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The 130mm travel 29er, Jamis Portal. Photo by Matt Miller.

Interbike is hectic to say the least. We got in a bit late on the consumer demo day. I wanted to test a Jamis, but pretty much every exhibitor was out of bikes. My inaction paid off though, and as I stood around thinking about what to do, someone rolled up to bring a Jamis Portal back.

I only had time for one run down the Northstar bike park, so I can’t tell you much, but I can tell you a few things.

Specs

  • Aluminum frame, 3VO suspension, 130mm frame travel, adjustable geometry, EnduroMaxx sealed bearings, 12x148mm Boost hub spacing
  • 130mm fork travel
  • Threaded bottom bracket
  • Head tube angle: 67.5° in low, 68°in high
  • Seat tube angle: 74.5°in low, 75°in high
  • Chainstay: 437mm

A beefy head badge rests on the tapered head tube of the Portal.

I headed out on some blue flow trails to warm up. The last thing I needed was to take an unfamiliar bike out on unfamiliar trails after a few hours of traveling and end up breaking something.

Right away, I noticed the suppleness of the new Jamis suspension platform, called 3VO suspension.

Northstar is dusty, the berms have about an inch of floating powder above them, and there are some decent brake bumps in there too. The fork wasn’t set up quite to preference, because we didn’t have the time, so while I got some harsh feedback up front, the rear floated over chatter, small bumps, and moved gracefully through foot-wide potholes.

Photo by Matt Miller.

The 3VO suspension is new to Jamis this year. They showed the bikes at Sea Otter, and released them in June. 

Jamis says that the 3VO suspension platform keeps the chain line the same throughout the rear axle’s upward movement and by doing so it keeps the suspension active when pedaling, braking, and general movement around the bike.

They’re so confident in the 3V0 suspension, that Jamis also says the suspension will perform no matter what gear you’re in, how much gear you have on your back, how much sag or damping you run, and regardless of the tune of the rear shock.

Adjustable geometry on the Portal via a flip chip. Photo by Matt Miller.

I can’t verify these without a bit more time on the Portal, but I will say, it’s one of the best feeling suspension platforms I’ve ridden in a while and it uses its travel very well. The small-bump sensitivity is exceptional and it felt very supported on drops and jumps.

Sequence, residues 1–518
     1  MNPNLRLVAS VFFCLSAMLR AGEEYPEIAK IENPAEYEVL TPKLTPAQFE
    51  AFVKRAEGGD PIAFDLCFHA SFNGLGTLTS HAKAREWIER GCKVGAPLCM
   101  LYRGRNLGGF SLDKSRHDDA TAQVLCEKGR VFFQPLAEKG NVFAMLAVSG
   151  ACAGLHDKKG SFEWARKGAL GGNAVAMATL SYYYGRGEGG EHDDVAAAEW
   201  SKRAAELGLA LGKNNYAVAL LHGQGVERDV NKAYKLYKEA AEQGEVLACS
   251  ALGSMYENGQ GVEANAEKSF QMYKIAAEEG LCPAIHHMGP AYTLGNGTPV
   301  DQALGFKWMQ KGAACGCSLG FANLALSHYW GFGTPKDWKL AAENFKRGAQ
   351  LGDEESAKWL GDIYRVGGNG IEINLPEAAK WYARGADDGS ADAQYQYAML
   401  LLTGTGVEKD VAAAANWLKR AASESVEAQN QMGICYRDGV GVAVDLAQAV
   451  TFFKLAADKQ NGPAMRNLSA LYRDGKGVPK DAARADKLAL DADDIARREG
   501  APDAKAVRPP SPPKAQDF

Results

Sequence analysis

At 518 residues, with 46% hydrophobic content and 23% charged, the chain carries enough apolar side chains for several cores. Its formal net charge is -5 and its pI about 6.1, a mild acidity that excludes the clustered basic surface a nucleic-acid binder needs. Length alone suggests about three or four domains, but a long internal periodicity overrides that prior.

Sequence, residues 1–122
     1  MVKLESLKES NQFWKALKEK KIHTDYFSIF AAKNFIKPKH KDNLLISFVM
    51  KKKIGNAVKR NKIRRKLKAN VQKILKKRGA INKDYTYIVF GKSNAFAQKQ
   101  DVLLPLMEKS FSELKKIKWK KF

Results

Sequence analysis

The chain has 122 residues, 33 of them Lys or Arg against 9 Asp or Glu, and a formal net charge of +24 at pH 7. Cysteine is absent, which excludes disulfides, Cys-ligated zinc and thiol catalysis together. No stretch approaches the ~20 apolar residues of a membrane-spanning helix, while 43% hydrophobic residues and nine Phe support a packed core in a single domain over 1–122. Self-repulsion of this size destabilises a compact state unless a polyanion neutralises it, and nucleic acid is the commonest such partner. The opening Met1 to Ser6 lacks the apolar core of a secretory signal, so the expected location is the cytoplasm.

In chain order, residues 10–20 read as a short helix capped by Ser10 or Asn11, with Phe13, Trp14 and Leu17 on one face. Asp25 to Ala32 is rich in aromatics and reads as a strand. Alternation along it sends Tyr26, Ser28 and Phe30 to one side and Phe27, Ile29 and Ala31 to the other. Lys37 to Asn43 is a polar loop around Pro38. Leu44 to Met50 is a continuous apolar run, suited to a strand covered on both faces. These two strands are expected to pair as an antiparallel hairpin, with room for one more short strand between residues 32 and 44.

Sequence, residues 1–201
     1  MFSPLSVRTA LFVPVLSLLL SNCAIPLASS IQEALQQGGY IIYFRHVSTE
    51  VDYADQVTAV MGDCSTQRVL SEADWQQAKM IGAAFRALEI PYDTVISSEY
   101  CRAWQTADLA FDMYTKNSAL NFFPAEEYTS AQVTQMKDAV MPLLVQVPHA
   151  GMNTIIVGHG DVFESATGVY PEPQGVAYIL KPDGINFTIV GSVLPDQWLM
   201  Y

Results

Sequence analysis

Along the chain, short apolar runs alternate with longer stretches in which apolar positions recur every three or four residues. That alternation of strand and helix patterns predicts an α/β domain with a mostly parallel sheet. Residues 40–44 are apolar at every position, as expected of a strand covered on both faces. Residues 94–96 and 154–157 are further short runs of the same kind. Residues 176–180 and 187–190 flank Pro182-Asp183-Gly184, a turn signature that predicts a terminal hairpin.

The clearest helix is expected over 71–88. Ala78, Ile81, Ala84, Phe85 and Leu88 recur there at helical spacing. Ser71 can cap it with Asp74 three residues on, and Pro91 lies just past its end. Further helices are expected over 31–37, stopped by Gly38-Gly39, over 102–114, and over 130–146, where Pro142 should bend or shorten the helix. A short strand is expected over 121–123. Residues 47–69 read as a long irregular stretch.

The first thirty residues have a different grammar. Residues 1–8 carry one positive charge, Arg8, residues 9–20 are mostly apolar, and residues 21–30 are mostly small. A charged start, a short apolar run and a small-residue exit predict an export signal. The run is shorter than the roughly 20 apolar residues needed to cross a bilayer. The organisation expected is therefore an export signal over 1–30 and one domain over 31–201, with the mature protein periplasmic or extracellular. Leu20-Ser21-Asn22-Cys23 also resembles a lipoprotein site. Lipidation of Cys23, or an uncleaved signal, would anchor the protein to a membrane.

Around corners, the frame was stiff and tracked through berms. I rode a size large, 19-inch, and at 5’8″ it was a touch large for me. Even so, across jumps it was playful and didn’t hesitate to get in the air.

The Sierra Nevadas have proved to be a good place to get out and ride bikes so far. Photo by Matt Miller.

I didn’t know what the geometry was off the top of my head when I took the Portal out. Later, back at the hotel room I checked it out on the Jamis website and was surprised to see it has a 67.5-degree head angle, and that’s in the low setting. In the high, it’s at 68-degrees.

Now, if you had asked me after having ridden the Portal, I probably would’ve guessed a degree lower. This says a few things. First, don’t make assumptions about a bike based on the geometry and second, if the geometry and bike as a whole is dialed, you don’t need a bike with angles that slack more than Ferris Bueller in order to have a good time.

Component check

For $4,000, buyers can get a Jamis Portal with a Fox Float DPS rear shock, and a Fox Rhythm 34 Float with sweep damper. That also includes a Shimano XT 1×11 drivetrain, Magura brakes, and a Kind Shock dropper post. That’s not a bad deal at all.

The build that I rode was slightly different and had Kashima-coated Fox suspension, including a  Kashima Fox Transfer dropper post, and TRP brakes.

The TRP G-Spec Trail SL brakes. Photo by Matt Miller.

With only one lap, I can’t say a ton about the component performance, but it was my first time using TRP brakes and it was nice to step away from a brake brand that starts with the letter S.

The TRPs have great modulation, but not quite as much initial bite as a SRAM Guide or Shimano XT. They’re a brake set I want to get more familiar with, though.

A little ventilation on the brake levers. Photo by Matt Miller.

Lastly, there are a lot of touches on the Jamis that suggest the brand has put some thought into this model. It uses a threaded bottom bracket, it has adjustable geometry, and the components are a good value.

Conclusion

Again, with such a short time on the Portal, I can’t say a whole lot about the bike and be certain about it, but I can say it’s worth a look and a longer ride. The 3VO suspension is solid, the components are valuable, and it’s a very modern feeling trail bike. There’s a whole lotta bang for your buck also, and that’s where a lot of other brands come up short.

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